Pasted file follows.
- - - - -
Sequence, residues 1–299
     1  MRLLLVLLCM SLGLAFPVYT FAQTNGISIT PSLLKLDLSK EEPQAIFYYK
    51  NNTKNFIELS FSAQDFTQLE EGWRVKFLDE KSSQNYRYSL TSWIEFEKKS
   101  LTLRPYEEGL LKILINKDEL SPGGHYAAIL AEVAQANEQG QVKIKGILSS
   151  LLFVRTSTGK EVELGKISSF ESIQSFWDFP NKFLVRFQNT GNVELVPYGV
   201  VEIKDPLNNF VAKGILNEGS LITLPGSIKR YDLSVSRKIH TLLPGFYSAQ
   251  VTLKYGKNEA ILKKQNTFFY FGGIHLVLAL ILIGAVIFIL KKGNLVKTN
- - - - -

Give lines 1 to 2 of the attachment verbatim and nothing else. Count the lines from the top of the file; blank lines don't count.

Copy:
Sequence, residues 1–299
     1  MRLLLVLLCM SLGLAFPVYT FAQTNGISIT PSLLKLDLSK EEPQAIFYYK